How We Test: Audio Page 2

Measuring Loudspeakers
We publish pseudo-anechoic loudspeaker measurements, another synthetic test that has little to do with real-world conditions. To be anechoic means to be without echoes or sonic reflections. The pseudo comes into play because neither we nor any entity beyond a few speaker manufacturers and research facilities around the world have a true anechoic chamber designed to fully absorb all of a speaker’s reflections. Of course, a real-world listening room is far from reflection free, so you’re unlikely to ever hear (or want to hear) loudspeakers under anechoic conditions. However, this is a generally accepted convention for characterizing loudspeakers. We measure speakers in a very large, open, and high-ceilinged warehouse, so we at least begin in an environment that has few reflective surfaces (and no room boundaries) in the immediate vicinity of the loudspeaker under test. Nonetheless, some clever gating techniques in our LinearX LMS measurement system keep reflected sounds at bay during testing, which eliminates the effect of the surrounding environment.

Below a couple of hundred hertz, we use a technique in which we place the measurement microphone a fraction of an inch from low-frequency sound sources (woofer, port, or passive radiator) to eliminate the possibility of reflections. This close-miking, as we refer to it, is only useful at low frequencies, but it’s a valid technique when implemented appropriately.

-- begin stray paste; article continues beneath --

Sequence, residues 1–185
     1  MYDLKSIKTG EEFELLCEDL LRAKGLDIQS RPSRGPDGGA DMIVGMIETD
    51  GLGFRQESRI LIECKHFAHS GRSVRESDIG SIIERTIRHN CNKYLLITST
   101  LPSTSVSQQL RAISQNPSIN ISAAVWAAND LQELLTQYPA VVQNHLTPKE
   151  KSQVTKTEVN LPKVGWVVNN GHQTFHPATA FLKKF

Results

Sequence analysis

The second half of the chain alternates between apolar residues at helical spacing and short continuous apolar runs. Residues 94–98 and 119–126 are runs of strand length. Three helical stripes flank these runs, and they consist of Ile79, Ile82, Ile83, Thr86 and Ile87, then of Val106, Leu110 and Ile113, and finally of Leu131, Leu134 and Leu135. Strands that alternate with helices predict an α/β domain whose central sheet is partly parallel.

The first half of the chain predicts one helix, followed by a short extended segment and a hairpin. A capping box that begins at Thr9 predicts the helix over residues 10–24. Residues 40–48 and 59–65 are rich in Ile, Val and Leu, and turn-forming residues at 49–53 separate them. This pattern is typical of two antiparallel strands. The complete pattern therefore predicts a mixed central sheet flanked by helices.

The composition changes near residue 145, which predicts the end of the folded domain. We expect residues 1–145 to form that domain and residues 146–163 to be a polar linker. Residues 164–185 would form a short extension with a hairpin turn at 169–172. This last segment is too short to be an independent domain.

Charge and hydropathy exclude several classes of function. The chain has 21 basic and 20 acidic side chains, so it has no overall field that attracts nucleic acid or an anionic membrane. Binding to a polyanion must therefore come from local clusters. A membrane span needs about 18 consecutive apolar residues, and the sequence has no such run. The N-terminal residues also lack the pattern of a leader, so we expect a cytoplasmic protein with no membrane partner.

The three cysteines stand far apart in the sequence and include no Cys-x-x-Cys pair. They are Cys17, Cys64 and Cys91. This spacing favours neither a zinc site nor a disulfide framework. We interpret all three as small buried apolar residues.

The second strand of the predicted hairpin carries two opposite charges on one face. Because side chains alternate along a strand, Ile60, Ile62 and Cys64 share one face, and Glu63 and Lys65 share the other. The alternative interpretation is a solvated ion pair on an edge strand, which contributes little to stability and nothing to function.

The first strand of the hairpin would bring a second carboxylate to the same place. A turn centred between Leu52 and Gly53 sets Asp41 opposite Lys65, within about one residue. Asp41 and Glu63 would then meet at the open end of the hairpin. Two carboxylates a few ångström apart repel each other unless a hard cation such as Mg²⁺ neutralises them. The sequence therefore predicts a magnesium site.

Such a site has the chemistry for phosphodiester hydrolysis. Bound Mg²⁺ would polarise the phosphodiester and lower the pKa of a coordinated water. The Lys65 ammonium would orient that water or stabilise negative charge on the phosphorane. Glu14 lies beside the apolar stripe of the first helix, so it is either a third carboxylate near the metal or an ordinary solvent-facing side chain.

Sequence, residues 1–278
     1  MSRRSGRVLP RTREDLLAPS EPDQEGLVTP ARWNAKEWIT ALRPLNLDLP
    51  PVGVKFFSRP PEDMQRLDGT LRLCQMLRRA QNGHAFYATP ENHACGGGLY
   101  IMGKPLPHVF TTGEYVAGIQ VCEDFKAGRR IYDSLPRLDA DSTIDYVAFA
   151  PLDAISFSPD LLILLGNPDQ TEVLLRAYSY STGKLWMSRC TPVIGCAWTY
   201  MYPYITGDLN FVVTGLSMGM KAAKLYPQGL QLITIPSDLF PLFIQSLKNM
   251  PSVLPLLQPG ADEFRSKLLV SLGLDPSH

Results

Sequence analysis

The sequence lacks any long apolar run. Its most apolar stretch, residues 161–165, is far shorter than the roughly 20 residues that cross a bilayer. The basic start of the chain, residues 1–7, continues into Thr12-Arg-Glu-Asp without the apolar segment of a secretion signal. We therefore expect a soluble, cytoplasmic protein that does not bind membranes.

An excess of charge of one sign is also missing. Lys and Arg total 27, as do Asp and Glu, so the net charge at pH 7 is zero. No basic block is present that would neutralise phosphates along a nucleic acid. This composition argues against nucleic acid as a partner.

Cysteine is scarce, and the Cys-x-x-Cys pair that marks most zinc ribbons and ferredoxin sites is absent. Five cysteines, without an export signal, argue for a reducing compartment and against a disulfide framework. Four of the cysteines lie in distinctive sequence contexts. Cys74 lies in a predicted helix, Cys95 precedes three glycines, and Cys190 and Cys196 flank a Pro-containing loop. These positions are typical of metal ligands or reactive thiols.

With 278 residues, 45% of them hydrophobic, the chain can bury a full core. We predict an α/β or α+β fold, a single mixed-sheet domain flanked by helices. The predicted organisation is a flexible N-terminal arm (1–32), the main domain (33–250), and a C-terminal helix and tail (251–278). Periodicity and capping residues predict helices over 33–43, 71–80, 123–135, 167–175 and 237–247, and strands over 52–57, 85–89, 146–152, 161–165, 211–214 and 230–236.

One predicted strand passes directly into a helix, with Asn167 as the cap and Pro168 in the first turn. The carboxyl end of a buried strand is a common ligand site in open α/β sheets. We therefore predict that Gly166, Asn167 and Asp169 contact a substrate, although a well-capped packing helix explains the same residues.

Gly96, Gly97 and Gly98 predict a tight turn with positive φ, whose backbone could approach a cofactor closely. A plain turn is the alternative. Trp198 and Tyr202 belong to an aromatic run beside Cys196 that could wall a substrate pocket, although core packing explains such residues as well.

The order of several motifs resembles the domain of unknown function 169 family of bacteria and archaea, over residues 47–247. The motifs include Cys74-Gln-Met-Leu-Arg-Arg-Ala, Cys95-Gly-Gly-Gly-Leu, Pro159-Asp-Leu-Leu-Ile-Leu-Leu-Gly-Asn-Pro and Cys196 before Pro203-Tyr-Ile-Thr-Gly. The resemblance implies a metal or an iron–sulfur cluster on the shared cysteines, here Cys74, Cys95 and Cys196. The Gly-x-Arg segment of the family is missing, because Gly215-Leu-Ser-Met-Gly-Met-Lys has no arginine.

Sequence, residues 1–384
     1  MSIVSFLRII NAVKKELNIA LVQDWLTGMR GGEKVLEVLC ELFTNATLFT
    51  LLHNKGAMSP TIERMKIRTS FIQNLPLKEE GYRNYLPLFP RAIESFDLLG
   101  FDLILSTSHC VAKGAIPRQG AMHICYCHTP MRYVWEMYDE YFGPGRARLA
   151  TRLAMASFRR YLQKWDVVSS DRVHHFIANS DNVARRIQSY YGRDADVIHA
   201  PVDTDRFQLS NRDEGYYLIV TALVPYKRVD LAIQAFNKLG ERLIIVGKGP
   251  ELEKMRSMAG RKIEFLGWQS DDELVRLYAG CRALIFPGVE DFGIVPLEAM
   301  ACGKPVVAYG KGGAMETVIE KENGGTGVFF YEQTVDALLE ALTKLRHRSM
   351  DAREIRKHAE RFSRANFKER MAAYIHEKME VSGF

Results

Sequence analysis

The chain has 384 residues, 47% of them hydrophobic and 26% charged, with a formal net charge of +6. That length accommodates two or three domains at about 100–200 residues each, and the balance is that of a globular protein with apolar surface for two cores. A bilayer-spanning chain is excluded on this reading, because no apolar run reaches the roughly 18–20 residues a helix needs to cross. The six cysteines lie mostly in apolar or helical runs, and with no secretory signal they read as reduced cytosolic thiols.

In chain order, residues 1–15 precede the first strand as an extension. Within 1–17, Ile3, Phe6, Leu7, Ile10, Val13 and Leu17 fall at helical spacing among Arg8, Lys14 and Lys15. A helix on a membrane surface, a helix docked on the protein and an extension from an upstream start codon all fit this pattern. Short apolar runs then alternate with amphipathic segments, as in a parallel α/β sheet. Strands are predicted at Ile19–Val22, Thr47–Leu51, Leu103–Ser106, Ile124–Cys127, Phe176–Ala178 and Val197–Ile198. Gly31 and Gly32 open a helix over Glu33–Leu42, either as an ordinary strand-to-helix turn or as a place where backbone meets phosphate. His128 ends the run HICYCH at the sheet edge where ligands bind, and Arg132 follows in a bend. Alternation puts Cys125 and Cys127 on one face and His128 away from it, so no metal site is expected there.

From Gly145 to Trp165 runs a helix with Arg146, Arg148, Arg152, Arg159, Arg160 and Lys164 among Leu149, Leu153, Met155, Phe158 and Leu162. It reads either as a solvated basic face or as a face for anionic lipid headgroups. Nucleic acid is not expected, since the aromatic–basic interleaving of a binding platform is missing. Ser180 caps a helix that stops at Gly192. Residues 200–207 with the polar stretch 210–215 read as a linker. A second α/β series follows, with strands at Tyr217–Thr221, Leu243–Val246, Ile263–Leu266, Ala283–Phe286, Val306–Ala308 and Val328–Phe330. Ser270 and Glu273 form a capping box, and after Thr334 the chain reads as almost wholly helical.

To produce a meaningful representation of a loudspeaker’s response over a larger frequency range, we average multiple measurements at a stated distance and at a stated angle. This average of frequencies above a couple of hundred hertz must be combined with low-frequency data derived from close-miking. We measure at a common industry-standard distance of 1 meter, with any included grilles attached on the assumption that most consumers use their gear intact as provided by the manufacturer.

A loudspeaker’s sensitivity measurement defines, in practical terms, how loud it will play with a standardized input signal as measured from an industry-standard fixed distance. To determine this figure, we measure passive loudspeakers with a drive level of 2.83 volts RMS (equivalent to 1 watt at 8 ohms) using the aforementioned 1-meter microphone distance and pseudo-anechoic (often referred to as “4pi” or “full space”) conditions. The resulting average level from 500 Hz to 2 kHz (an octave on either side of 1 kHz) is noted. This average level is referred to as voltage sensitivity and is expressed in decibels. Loudspeakers with a higher sensitivity can generally be used successfully with a smaller amplifier in a given sized room than their lower-sensitivity counterparts, which will require more amplifier power to produce the same volume level under the same conditions.

Listening Window